Race to the End: Amundsen, Scott, and the Attainment of the South Pole.

A straightforward and well-written recounting of the Terra Nova expedition, intended as a companion volume to the AMNH’s 2010 centenary exhibition on Scott and Amundsen’s 1910 expeditions. MacPhee is a moderate critic of Scott’s deficiencies and Amundsen’s megalomania.

p. 84, photograph of Cecil Meares at pianla, and the following caption: Among the entertainments at Cape Evans during the winter of 1911 were Ponting’s banjo-playing (average) roughhousing and sports (whenever possible), lectures (varaiable in quality and interest), books, gramophone, and this Broadway “pianola” or player piano, located in the wardroom section of the hut and played with a foot pedal. Here it is being put through its paces by Cecil Meares. The large object to the left is the Gurney’s Patent Stove used for heating; above Meares’ head on the piano top are a precariously situated microscope and a theodolite, used for surveying. The title visible at the end of the row of books is Ponting’s In Lotus Land: Japan, which he positioned unashamedly in this scene.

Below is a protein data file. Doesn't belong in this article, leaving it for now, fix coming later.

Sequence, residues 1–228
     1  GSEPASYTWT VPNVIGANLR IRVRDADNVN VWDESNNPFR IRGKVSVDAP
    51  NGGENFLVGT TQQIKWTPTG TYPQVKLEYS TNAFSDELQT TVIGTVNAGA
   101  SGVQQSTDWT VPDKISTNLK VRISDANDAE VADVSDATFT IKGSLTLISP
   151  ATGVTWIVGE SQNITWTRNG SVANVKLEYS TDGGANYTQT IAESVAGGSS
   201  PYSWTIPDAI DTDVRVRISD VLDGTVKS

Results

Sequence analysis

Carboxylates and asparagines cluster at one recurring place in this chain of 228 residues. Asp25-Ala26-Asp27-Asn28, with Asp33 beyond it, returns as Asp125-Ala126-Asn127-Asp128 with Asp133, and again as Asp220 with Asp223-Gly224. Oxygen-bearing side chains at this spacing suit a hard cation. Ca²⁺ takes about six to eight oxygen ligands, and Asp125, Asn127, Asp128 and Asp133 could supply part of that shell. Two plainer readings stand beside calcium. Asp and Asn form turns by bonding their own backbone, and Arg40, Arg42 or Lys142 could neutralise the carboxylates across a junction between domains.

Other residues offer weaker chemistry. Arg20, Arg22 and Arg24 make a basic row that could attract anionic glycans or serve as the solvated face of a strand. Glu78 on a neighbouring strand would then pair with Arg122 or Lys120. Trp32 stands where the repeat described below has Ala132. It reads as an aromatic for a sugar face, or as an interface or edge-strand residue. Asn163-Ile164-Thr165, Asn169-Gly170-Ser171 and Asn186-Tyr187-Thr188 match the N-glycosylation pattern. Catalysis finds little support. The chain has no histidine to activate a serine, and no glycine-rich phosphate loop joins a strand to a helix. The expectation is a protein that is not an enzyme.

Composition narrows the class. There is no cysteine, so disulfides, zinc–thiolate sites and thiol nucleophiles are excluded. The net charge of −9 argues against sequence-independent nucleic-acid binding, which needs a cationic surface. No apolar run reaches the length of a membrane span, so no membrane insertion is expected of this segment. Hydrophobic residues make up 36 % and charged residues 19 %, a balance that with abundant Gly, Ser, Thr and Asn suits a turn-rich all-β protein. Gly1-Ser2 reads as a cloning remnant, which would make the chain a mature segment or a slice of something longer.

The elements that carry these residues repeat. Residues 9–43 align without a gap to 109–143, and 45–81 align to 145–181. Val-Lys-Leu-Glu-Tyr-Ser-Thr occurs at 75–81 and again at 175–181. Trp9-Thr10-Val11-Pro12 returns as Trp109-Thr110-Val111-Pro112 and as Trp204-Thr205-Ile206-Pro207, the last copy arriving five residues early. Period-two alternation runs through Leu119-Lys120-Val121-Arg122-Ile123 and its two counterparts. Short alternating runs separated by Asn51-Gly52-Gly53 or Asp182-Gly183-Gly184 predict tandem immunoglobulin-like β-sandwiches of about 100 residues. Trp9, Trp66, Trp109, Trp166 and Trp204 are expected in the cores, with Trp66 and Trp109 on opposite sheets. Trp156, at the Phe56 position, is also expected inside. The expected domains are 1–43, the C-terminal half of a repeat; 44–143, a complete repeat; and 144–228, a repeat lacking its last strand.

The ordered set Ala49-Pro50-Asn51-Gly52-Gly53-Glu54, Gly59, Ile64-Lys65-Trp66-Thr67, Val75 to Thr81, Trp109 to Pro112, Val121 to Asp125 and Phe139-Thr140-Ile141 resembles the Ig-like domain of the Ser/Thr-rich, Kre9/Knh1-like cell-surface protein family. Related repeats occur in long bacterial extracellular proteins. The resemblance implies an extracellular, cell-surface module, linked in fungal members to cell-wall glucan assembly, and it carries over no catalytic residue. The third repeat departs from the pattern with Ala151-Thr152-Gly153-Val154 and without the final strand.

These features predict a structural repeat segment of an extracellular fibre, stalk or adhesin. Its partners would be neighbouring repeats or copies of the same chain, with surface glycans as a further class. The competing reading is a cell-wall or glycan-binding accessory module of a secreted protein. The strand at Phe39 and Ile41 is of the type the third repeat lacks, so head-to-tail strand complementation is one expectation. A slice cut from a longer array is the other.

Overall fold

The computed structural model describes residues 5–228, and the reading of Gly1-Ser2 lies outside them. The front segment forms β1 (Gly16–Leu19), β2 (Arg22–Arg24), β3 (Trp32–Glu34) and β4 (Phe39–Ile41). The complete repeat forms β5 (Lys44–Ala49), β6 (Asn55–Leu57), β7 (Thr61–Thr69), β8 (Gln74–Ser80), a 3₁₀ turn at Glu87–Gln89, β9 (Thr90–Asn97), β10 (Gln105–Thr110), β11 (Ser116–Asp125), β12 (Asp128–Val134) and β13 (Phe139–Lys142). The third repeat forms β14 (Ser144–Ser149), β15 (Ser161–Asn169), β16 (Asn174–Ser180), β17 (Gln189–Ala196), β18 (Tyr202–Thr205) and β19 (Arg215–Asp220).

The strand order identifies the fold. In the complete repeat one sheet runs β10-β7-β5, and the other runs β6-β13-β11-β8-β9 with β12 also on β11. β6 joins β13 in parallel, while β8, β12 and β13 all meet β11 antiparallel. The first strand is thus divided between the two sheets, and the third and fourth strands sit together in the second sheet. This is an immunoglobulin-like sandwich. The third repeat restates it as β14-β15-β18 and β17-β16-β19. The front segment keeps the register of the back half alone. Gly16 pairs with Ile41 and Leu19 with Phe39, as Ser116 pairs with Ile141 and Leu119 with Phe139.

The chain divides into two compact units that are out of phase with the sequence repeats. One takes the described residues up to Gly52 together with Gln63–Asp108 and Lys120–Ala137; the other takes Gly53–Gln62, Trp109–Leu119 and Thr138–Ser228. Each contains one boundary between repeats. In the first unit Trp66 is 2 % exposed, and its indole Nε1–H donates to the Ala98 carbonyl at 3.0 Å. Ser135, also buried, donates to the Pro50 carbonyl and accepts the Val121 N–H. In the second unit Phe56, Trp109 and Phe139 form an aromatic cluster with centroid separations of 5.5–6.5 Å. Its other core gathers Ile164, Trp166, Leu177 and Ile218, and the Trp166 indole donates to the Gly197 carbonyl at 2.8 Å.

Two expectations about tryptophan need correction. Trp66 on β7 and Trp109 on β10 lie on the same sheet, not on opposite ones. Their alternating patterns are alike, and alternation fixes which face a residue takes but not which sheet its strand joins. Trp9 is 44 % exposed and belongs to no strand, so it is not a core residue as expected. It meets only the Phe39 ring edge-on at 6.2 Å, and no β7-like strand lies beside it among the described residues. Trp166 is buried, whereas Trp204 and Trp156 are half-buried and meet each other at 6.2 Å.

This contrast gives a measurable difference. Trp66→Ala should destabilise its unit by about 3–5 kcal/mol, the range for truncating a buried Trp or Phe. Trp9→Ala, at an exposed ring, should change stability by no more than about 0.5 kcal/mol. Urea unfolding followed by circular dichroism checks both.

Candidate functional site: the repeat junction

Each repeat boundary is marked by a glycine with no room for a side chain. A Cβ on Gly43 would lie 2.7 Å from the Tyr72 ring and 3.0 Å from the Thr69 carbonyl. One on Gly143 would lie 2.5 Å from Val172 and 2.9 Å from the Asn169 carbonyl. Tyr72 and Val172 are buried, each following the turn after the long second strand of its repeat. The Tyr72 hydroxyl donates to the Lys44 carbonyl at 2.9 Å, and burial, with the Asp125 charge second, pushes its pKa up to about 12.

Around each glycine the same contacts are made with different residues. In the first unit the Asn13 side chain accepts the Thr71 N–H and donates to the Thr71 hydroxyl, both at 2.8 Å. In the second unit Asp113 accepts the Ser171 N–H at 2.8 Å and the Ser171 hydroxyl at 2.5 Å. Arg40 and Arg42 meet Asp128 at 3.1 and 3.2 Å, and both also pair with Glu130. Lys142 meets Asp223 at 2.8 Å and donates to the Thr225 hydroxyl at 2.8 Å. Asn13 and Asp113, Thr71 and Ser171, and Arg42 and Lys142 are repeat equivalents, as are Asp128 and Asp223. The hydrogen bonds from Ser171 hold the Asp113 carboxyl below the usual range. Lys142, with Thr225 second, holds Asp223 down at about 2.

p. 179, towards the end of the fatal retreat from the Pole, Wilson had written in his diary, addressed to his wife Oriana that “Your little testament and prayer book will be in my hand or in my breast pocket when the end comes. All is well.”

Wilson had taken a dogeared copy of The Book of Common Prayer with him on all his sledging trips, including this one: The flyleafs and pastedowns—indeed, most spare surfaces, are covered with religious meditations in his tiny, spindery hand. Many inscriptions are no longer legible, but those that are tell of a man for whom death and the hereafter held nothing but wonder and promise. None is dated, but there is one passage on the front flyleaf that may serve, as much as anything can, to give an insight into his stte of mind during his last days on the Barrier. The meditation is on Christ’s last utterance (underlined words) on the cross, when he receives a drinkf of vinegar, and then gives up his spirit:

It is finished. This teaches us that everything is ready, that we can come to the marriage feast of the Lamb, that we haven’t to save ourselves, that we haven’t to make our atonement—that it is done. All is ready for us.